Another aspect of paganism that has truly helped in my recovery is how my sense of time has changed from linear to cyclical. The Wheel of the Year, seasonal change, birth, death and rebirth. There is no end, no finish, just continual cycles and for me that’s really comforting. If nature goes through cycles then so do we. I know that if a difficult time hits me, if depression sets in or whatever, it will pass…change is inevitable. So when I have a particularly emotionally difficult day (as I did yesterday) I know that it will pass eventually and meanwhile I can still learn much about myself and how to change myself from the bad times as much as the good times. In fact, I no longer think of the difficulties as something to shy away from (even though sometimes I do just want to stick my head in the sand and ignore it all). The difficulties I still experience are learning curves and we as humans never stop learning, not ever!

A great aspect of how paganism has helped in my recovery is…lack of sin! Yes, getting away from the idea that we are sinful creatures in need of a saviour has really helped me in living a better, more wholesome and authentic life. It takes away the guilt and shame of living somehow (although I still feel guilt over other things), what I mean is it takes away the guilt of being human. We, as humans, are imperfect…we are meant to be because it is how our souls experience and learn too. If everything were perfect there’d be no need to learn anything at all, no challenges, no satisfaction…and dare I say it…little joy! I guess that last one might be just me because I do feel joy when I overcome some hurdle. In paganism I am my own saviour and that’s not really narcissistic because it means I have sole responsibility for myself. Through freedom from sin I have found I also do not fear death. Ok, I perhaps fear a little the way I might pass on but death itself is just a portal, a doorway….transformation, and if we take life seriously (meaning responsibly) we are transforming all the time anyway. Death of the physical body is not an end, it’s really merely the beginning if you like. Paganism has helped me release my attachment needs, although I still have them but when I stay in the present moment they dissipate and the attachment dissolves.

Most importantly maybe paganism has put me in touch with deities and spirit guides (animal but for the most part plants) who through their support and great wisdom have helped me realise that there are always opportunities, no failure and through honouring them I gain a sense of coming home. It is often at odds with what I am taught by secular aspects of my life and I do find it hard to live in different realities at once because I still feel I ‘should’ do this and that because other people say so but when I go to my guides and patron deities they show me the middle way…and yes, I have become a ‘walker between the worlds’, which isn’t always easy but it feels right to me.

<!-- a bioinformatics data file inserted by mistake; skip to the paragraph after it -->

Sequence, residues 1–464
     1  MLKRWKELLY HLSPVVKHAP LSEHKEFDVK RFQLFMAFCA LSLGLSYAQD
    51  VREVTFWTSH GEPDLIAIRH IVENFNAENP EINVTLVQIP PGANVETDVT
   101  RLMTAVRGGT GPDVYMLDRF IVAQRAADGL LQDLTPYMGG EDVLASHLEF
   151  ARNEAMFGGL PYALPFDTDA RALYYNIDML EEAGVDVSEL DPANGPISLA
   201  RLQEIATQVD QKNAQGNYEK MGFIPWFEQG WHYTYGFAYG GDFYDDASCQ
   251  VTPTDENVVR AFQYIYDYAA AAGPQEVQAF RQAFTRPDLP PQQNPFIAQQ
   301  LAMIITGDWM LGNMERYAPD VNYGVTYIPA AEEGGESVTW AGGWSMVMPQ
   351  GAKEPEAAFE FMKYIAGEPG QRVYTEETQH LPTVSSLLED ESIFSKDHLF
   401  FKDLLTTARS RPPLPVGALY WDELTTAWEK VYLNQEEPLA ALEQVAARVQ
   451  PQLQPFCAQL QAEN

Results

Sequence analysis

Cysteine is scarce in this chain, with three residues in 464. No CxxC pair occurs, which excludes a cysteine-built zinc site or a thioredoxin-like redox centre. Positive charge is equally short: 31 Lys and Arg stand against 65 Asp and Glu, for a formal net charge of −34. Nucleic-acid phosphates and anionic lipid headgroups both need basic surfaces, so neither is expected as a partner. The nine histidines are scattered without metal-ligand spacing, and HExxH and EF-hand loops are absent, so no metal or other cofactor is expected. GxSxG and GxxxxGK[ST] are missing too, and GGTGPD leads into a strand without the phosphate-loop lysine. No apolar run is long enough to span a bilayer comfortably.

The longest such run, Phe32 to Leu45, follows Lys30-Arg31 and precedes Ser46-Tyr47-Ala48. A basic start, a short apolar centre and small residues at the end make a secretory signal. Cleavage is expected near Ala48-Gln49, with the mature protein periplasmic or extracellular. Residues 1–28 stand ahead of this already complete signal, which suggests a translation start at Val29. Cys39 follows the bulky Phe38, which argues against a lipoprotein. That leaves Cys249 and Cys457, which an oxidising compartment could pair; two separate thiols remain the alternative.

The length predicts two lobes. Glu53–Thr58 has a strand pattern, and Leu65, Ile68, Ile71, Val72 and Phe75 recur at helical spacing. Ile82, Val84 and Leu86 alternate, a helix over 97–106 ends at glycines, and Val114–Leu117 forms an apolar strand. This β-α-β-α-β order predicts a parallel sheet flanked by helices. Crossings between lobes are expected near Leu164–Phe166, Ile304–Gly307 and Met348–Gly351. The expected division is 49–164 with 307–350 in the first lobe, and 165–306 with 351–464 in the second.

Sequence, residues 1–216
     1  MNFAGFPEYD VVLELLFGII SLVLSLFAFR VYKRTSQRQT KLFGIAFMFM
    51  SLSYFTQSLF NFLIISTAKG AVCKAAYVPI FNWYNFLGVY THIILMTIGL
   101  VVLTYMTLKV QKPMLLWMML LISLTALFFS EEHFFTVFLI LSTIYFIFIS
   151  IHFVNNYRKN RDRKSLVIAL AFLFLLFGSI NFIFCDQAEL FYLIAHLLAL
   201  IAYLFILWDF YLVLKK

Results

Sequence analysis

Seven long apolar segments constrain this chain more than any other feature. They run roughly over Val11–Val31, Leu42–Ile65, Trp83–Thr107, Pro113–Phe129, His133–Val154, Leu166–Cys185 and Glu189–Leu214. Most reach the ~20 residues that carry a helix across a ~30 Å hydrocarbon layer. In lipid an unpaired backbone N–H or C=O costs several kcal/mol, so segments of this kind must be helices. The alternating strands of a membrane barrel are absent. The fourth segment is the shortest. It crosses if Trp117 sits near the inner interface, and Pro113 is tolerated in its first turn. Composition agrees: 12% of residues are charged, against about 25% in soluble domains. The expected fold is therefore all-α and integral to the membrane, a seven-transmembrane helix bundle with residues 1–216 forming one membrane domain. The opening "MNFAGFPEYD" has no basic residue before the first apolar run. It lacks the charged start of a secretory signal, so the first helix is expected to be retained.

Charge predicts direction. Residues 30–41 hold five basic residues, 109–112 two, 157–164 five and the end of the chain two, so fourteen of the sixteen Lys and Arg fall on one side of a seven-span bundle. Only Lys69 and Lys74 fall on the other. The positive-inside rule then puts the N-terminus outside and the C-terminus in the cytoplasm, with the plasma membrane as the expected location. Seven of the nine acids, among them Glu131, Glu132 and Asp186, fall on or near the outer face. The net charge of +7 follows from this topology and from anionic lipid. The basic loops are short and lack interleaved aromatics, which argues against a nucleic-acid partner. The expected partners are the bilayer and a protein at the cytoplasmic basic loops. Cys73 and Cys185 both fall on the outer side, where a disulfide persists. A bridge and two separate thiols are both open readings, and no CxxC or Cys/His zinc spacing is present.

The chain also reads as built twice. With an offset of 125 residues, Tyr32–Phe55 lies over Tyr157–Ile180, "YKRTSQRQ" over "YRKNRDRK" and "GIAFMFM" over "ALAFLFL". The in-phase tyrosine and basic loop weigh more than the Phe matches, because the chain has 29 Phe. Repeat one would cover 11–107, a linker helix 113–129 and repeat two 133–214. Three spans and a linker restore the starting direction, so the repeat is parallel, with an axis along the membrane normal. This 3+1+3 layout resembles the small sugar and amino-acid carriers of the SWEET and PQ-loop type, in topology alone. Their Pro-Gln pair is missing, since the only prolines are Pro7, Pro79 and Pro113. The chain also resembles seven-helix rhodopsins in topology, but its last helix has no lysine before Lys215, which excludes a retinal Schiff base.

So, am I recovered? In many ways yes but in some ways no. My journey of healing continues and exploration continues but this is life…and it is what it is! There are no quick fixes, there is no magic wand that will make everything all right and ok. I believe that suffering serves an important purpose and that a person has to suffer in order to be able to relinquish it in the end. I believe in evolution of the spirit as well as the body, and that evolution continues in a cyclic fashion bringing with it more lessons to learn, more exploration and with it more satisfaction. That is how paganism has helped me recover!

Moon…Moon…my love!

The moon is the closest heavenly body to earth, and what a wonderful sight she is. I don’t think there are many people who can say they’re not entranced by this beautiful orb. Even if you don’t hold any particular spiritual belief the moon holds sway over all of us in many more ways than you can imagine. The moon is our night-time light, just as the sun is our day-time light, and both have been lighting humanities way for thousands of years. The moon you see at night is the very same moon our ancestors gazed upon in wonder – that’s an amazing thought isn’t it? There are all kinds of fascinating legends and myths associated with the moon and its cycles.